The "Neshama" of the Month of Elul
By Rabbi Levi Yitzchok Ginsberg
The first farbrengen with Reb Mendel Futerfas after
his arrival in Eretz Yisroel in 5733 has been described many times. It took
place in the beginning of the month of Elul, and Reb Mendel had recently been
appointed by the Rebbe Melech HaMoshiach as head mashpia in the Holy
The zal of Yeshiva Tomchei Tmimim in Kfar Chabad was
filled to capacity that day. People were standing on tables and benches piled up
like bleachers until they almost reached the ceiling. The whole place was jammed
not only with yeshiva bachurim and residents of Kfar Chabad, but
with Jews who had come from all over Eretz Yisroel to see and hear one of the
greatest Chassidim of our times, a living symbol of self-sacrifice and devotion
to the Rebbe. Reb Mendel’s refusal to compromise, exemplary kabbalas ol,
fear of Heaven, and strength of character were virtually unparalleled in the
The crowd was eager for Reb Mendel to begin. They couldn’t
wait to hear the stories he would tell about the olden days in Lubavitch, with
all the famous personalities of Tomchei Tmimim in its early days: Reb Hendel,
Reb Grunim, Yankel Boruch, and Chatche. Everyone expected that Reb Mendel would
expound upon the avoda of the month of Elul: the tearful cheshbon ha’nefesh,
the davening for hours on end, iskafya and is’hapcha,
etc., etc. But Reb Mendel surprised everyone and spoke about one topic only.
Yes, he emphasized repeatedly, all these details of our avoda are
necessary and important, but they all depend on a single point: the Rebbe!
A Chassid should be aware that the Rebbe is thinking about
him and sense the Rebbe’s presence at all times. A Chassid must try to live up
to the Rebbe’s expectations, follow his directives, and most importantly,
actually go to the Rebbe as often as possible. A Chassid must internalize the
fact that the Rebbe is above all limitations, and try to bring as many Jews as
he can to the Rebbe.
p’nimiyus and iskafya mean nothing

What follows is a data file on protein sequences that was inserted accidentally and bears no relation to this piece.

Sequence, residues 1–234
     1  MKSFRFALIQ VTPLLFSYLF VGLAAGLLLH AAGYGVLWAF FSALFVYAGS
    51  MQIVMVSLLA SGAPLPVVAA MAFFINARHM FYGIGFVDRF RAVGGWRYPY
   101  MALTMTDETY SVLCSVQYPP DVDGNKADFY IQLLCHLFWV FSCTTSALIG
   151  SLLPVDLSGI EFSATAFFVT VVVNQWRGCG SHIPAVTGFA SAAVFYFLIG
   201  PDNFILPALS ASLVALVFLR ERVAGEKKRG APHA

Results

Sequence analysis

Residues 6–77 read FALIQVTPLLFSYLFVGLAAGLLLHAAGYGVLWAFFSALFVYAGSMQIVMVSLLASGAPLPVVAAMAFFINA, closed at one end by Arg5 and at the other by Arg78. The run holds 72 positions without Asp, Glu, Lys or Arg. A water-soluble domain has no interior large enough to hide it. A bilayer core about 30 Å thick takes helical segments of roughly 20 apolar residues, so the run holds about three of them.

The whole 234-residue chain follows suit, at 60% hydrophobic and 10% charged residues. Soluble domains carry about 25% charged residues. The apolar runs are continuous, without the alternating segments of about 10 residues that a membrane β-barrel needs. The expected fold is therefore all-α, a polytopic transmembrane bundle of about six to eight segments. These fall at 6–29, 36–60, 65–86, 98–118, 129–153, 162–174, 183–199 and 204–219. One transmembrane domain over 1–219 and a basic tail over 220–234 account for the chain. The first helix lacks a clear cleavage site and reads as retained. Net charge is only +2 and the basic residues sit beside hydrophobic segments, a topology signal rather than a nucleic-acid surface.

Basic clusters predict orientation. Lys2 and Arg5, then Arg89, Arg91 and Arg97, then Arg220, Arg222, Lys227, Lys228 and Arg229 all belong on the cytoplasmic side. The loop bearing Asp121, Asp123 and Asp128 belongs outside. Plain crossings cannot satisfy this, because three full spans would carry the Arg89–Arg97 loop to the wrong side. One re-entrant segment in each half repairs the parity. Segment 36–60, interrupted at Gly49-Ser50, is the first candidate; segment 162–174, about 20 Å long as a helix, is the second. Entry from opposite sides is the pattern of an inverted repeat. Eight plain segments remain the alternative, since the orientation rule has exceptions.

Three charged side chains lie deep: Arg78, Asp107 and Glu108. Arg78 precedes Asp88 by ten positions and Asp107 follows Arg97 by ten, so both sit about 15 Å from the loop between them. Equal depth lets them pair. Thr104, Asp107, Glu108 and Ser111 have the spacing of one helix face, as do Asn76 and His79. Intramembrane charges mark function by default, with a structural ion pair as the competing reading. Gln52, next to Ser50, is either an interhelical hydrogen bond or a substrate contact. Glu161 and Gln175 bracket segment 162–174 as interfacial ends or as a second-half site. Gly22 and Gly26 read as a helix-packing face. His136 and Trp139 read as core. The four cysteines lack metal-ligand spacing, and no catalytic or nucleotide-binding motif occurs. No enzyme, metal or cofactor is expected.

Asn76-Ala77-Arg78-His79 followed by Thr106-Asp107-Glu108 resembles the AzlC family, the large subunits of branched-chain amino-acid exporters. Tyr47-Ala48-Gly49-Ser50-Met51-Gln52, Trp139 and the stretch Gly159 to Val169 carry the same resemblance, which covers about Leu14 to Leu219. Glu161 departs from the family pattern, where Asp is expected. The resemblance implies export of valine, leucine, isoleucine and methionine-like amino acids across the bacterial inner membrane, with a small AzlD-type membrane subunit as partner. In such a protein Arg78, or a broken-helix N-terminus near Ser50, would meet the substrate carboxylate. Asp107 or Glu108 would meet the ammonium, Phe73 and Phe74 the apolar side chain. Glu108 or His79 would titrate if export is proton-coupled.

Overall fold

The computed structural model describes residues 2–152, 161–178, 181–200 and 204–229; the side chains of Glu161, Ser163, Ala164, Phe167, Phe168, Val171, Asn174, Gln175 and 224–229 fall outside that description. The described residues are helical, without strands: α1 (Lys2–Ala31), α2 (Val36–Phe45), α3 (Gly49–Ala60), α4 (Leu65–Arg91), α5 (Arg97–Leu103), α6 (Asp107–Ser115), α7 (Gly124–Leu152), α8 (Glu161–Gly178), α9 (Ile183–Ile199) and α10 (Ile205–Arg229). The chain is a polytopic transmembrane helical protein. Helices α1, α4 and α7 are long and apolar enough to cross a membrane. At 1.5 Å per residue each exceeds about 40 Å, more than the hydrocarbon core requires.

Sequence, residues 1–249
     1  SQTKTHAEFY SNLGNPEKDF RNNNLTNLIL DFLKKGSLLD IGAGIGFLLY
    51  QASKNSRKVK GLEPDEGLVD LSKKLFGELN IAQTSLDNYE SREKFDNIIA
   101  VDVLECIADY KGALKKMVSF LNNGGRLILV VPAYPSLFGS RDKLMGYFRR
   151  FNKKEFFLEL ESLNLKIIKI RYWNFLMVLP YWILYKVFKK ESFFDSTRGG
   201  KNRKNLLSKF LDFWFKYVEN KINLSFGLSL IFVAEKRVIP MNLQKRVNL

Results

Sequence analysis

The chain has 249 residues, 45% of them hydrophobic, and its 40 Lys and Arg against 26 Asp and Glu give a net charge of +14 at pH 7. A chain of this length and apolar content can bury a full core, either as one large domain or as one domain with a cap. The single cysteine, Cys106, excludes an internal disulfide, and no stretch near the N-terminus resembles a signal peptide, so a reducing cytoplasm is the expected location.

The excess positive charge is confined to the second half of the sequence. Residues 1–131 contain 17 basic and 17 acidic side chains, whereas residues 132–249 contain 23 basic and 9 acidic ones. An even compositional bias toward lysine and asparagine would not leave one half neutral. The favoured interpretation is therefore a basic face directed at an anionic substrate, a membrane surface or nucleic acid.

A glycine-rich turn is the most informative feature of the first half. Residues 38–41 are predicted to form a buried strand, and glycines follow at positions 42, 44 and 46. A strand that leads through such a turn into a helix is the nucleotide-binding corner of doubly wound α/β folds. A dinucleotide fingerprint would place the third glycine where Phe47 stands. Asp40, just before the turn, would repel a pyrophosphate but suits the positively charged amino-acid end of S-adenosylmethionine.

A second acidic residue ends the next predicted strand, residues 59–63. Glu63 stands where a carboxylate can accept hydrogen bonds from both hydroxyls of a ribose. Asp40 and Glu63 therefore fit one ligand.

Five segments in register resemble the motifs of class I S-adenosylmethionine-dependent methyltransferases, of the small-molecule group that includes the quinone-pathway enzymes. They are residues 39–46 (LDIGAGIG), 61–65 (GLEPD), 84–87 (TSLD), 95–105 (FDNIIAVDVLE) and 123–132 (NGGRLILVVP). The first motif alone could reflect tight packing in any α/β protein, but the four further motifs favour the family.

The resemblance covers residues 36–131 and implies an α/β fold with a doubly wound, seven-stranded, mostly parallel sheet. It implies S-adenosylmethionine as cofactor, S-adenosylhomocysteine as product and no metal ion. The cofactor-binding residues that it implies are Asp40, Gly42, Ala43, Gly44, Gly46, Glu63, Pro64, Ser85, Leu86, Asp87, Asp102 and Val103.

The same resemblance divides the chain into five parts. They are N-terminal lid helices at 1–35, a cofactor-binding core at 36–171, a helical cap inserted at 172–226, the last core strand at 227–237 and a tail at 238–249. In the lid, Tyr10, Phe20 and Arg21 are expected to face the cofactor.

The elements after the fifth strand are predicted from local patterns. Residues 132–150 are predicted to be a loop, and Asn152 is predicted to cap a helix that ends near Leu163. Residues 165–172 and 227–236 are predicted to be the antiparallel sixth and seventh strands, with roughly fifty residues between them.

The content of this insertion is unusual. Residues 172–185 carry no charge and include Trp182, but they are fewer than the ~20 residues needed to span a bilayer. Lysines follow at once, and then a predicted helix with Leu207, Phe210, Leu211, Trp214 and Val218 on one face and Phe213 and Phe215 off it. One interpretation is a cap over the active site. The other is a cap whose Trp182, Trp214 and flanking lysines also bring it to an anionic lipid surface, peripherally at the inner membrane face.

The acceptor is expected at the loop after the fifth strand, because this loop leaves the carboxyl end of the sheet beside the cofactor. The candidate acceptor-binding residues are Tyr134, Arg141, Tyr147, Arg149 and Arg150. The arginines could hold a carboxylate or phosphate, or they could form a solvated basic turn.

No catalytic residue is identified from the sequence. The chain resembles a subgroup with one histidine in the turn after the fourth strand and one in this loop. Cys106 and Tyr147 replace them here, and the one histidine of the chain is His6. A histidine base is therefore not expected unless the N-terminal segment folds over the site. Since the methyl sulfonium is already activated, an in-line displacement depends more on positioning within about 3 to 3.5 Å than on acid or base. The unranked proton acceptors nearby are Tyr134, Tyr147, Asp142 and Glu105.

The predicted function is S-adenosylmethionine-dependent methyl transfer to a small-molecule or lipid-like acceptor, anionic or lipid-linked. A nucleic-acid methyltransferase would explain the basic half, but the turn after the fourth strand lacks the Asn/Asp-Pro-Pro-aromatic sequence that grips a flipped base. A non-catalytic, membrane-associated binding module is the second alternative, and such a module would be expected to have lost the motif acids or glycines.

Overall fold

without a living Rebbe present in the here and now to whom a Chassid is devoted
to bringing nachas ruach. All of the stories about "amol"
– "once upon a time" can quickly turn into "Amalek," whose
ice-cold influence has a debilitating effect on one’s avoda. Without a
Rebbe – at this very moment, in this instant – there is nothing at all.
Reb Mendel then made an announcement: The true avoda
of Elul consists of saving one’s pennies to be able to be with the Rebbe
during the month of Tishrei! All of the rest – the inner avoda, the cheshbon
ha’nefesh, etc. – are only contingent upon faith in the Rebbe, complete
and absolute devotion, and actually traveling to the Rebbe. Without these
things, a person only gets bogged down in the details while the main ingredient
Reb Mendel would always say, "If a person hasn’t been
by the Rebbe an entire year, from where will he get the vitality and enthusiasm
he needs to serve Hashem?"
Reb Mendel’s main point was the absolute necessity of being
with the Rebbe for Tishrei. For going to the Rebbe is not just a physical
journey; it is a journey that ensures that a person will "live with the
Rebbe" throughout the year, and have the strength to bring the Rebbe back
with him to wherever he lives.
In Seifer HaSichos 5696 (page 17), the Rebbe Rayatz
writes (free translation):
"There was a time when the trip to Lubavitch was very
expensive. People would save up for it a whole year and kiss the money – that’s
how precious money was to them in those days.
"And it wasn’t only the ‘big Chassidim,’ the ‘maskilim’
and ‘ovdim,’ who valued traveling to the Rebbe. Even the simple Jews
– indeed, especially them – who with difficulty understood the opening words
of a maamer and the p’sukim from Tanach it was based on used to
go to the Rebbe.
"One might also say that the simple Jews derived even
more from hearing the Rebbe than the ones who understood what the Rebbe was
saying. For what they received was the ‘soul,’ the vitality and enthusiasm
above intellectual comprehension – this they would bring home with them, and
they wouldlive with it and enliven others."
Similarly, the Rebbe Rayatz writes in Likkutei Dibburim
(English edition; Volume II):
"One of the stories that my teacher the Rashbatz told me